I then went and schmoozed the train guard to allow me to stay near his heater, until my train arrived.  
A quick flash of my blue / black tinged hands, briefly removed from my Ugg gloves, did the trick. As opposed to my female persuasive charms, which scleroderma depleted years ago, judging by my latest admirers! Haha!  
The hour train ride was a whole new experience, one which I have not repeated since, and do not intend on doing again with my 'tin man' body.  


My musculoskeletal inflammation and stiffness makes me feel as though my body is weighed down with lead.  
Along with muscle fatigue beyond measure. This is before I even leave my home, and is my constant.  
I have quite long legs, with my scleroderma swollen ankles and knees, andso, sitting in any confined space such as a seat on any public transport medium, is uncomfortable, almost impossible, for me.  
However, for purposes of an hour, I put myself out of my comfort zone, and sat trying to ignore the intense discomfort, added by the motion of the train. 
As the train approached Manchester, it became very busy. This required me having to apologise to my fellow near by passengers that I was unable to bend my legs more to make more leg room available.  
I was very relieved to arrive in Manchester. Upon alighting the train, there was a huge set of steps, to get up to exit the station. My heart sank. I could not stop, as the flow of the crowd was too strong.  
I gripped the hand rail at the side of the steps, as best as I could. I have very little, if any, grip, due to my very tender, sore, scleroderma damaged fingers.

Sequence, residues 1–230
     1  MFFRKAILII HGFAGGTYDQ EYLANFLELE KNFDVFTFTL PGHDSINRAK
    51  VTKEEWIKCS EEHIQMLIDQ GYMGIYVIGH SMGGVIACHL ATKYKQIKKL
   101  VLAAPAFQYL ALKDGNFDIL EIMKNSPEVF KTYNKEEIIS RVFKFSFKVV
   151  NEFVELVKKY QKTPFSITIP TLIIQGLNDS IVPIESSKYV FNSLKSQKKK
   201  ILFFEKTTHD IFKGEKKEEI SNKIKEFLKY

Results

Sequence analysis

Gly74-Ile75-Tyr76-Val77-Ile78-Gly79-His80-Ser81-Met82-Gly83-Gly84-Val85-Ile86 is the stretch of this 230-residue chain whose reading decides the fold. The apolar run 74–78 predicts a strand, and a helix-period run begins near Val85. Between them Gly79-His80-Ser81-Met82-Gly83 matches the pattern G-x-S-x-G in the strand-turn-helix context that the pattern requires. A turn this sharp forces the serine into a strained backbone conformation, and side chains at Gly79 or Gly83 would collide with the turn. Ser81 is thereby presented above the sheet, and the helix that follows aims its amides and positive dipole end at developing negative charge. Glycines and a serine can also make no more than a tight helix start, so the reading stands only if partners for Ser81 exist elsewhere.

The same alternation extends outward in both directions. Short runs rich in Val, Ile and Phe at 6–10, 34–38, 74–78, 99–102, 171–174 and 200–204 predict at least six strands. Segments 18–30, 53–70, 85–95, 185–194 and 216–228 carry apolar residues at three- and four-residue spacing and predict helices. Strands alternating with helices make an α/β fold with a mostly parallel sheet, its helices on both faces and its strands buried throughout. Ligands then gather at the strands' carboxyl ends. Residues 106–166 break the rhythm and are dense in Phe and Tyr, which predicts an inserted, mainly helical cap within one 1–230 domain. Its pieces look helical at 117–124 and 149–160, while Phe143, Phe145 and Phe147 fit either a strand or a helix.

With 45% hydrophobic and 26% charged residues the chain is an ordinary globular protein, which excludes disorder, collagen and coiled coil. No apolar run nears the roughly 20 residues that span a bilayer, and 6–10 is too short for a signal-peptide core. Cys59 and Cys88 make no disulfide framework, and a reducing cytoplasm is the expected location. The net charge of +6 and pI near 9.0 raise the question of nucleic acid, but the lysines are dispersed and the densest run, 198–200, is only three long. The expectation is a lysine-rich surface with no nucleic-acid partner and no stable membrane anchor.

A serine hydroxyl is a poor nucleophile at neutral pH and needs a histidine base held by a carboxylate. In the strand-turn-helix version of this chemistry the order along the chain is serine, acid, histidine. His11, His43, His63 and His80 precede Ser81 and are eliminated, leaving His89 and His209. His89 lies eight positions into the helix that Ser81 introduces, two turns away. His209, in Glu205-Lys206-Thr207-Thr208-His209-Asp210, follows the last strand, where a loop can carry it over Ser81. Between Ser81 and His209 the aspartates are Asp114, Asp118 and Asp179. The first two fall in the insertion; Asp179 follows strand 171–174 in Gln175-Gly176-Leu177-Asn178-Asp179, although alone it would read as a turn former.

I then had to negotiate trying to get my legs up the steps, bending my swollen, stiff knees. I had just about got into a rhythm, albeit elegance and style were not included, when a perfectly abled body, man stood in front of me, coming down the steps.
He was in a rush and was telling / shouting at me to move out of the way. 
I tried to explain to him that I was unable to let go of the handrail, but he pushed me out of the way, causing me to stumble into some people!   
I eventually made it up the steps and reflected on my ‘invisible disability’ persona experience. 
Had I been equipped with a sign around my neck, Paddington style, or maybe a teal ribbon tattoo, would this have prevented my recent public humiliation, by trying to be ‘normal’ again?  
I doubt it – ignorance is ignorance, and as patients living with a degenerative Rare Disease, education and awareness of such, come along as an optional duty, sadly.
This Scleroderma Olympian is in training for the Scleroderma Unit Family Day on the 19th May at the Royal Free Hospital.  

Living the dream, scleroderma style.         
Facebook Page: Raynauds Scleroderma Awareness Global Patients
Twitter, Instagram, Blogger, YouTube: @SclerodermaRF  @RaynaudsRf  
#SclerodermaFreeWorld           #RaynaudsFreeWorld